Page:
Saturday, January 18, 2003

Tocqueville and the Supreme Court
I have been setting up an office/study/library in our spare bedroom. My father built bookcases using uprights and brackets from a closet organizer system and thick pine planks. They line two walls. There's enough space for my photography equipment, boxes of photos and negatives, and all my nonfiction. All of it. Even the stuff that has been boxed for years.

For the past two weeks I have been opening up boxes. I probably could have finished in a weekend, but I have a fatal tendency to want to read every book I touch--at least skim it, reacquaint myself with it. Sometimes it's been a pleasant shock of recognition: so that's where you were!; sometimes more of a jolt of disbelief: why the heck did I ever buy that? But once, and only once, did I experience the body blow of synchronicity.

Years ago, I bought a second-hand copy of a Vintage paperback edition of Tocqueville's Democracy in America. Tocqueville had been a favorite of mine in college, so, of course, I had to take a quick peek to make sure it's was good condition. (I always tell myself that; it makes me feel that I'm doing something productive, instead of just indulging my habit). And there it was:

The peace, the prosperity, and the very existence of the Union are vested in the hands of the seven Federal judges. Without them the Constitution would be a dead letter: the executive appeals to them for assistance against the encroachments of the legislative power; the legislature demands their protection against the assaults of the executive; they defend the Union from the disobedience of the states, the states from the exaggerated claims of the Union, the public interest against private interests, and the conservative spirit of stability against the fickleness of the democracy. Their power is enormous, but it is the power of public opinion. They are all-powerful, as long as the people respect the law; but they would be impotent against popular neglect or contempt of the law...

Not only must the Federal judges be good citizens, and men of that information and integrity which are indispensable to all magistrates, but they must be statesmen, wise to discern the signs of the times, not afraid to brave the obstacles that can be subdued, nor slow to turn away from the current when it threatens to sweep them off, and the supremacy of the Union and the obedience due to the laws along with them.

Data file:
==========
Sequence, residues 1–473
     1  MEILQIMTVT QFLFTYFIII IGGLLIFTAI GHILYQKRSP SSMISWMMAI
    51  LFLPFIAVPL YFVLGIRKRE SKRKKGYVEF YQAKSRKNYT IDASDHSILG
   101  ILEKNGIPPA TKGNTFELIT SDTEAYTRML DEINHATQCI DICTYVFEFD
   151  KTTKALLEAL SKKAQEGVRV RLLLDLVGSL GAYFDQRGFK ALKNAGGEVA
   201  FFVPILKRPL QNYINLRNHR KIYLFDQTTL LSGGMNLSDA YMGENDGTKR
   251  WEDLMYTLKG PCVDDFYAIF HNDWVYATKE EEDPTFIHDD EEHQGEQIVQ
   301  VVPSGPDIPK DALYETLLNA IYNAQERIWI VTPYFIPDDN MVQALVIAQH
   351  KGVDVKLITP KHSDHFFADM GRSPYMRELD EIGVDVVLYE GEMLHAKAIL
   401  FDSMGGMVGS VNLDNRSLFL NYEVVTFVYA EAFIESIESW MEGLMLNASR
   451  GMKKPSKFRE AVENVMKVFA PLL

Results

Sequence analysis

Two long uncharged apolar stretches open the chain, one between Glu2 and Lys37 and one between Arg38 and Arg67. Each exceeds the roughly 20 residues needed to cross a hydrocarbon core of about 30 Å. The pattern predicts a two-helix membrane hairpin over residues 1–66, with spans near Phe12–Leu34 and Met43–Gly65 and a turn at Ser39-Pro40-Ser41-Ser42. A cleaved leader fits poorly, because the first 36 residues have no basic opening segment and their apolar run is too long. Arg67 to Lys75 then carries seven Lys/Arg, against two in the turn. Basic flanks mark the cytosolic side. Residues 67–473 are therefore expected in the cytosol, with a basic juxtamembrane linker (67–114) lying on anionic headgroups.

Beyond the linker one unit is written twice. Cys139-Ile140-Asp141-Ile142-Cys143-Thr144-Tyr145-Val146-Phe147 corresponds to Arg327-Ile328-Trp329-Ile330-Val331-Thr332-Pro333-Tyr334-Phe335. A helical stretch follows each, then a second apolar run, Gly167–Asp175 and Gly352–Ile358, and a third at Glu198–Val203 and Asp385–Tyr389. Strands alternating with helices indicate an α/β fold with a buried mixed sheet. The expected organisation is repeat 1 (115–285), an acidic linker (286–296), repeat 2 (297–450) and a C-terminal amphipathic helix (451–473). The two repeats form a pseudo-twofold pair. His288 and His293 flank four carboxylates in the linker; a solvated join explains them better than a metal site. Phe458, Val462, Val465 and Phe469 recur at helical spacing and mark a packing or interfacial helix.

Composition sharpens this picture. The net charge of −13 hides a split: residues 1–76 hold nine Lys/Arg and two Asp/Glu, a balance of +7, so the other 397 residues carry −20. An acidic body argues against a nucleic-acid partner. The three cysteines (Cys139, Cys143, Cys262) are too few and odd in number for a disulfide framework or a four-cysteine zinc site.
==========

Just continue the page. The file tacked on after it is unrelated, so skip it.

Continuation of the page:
The President, who exercises a limited power, may err without causing great mischief in the state. Congress may decide amiss without destroying the Union, because the electoral body in which the Congress originates may cause it to retract its decision by changing its members. But if the Supreme Court is ever composed of imprudent or bad men, the Union may be plunged into anarchy or civil war.

I believe that by acting imprudently on Bush v. Gore, the Supreme Court has plunged this nation into a political civil war. I am not disputing the merits of one claim against another; nor am I saying that they did not have the right to decide, once the question was cast in constitutional terms. I am saying that the Supreme Court failed Tocqueville's statesmen test. Faced with a bitterly divided electorate, a prudent and statesman-like Court would have found a way to speak to the issues without favoring one candidate or another.

By effectively handing the Presidency to George Bush, the Supreme Court justices guaranteed that they would be seen as part of the political machinery, instead of above it. They guaranteed that some part of the population will always distrust their decisions, and scrutinize them for political implications. They guaranteed that, for a large part of the population, the current President is in the White House by appointment, not election, and his government therefore illegitimate. The legacy of this Supreme Court to the nation is bitter partisanship and rancorous strife.

Friday, January 17, 2003

The World Turned Upside Down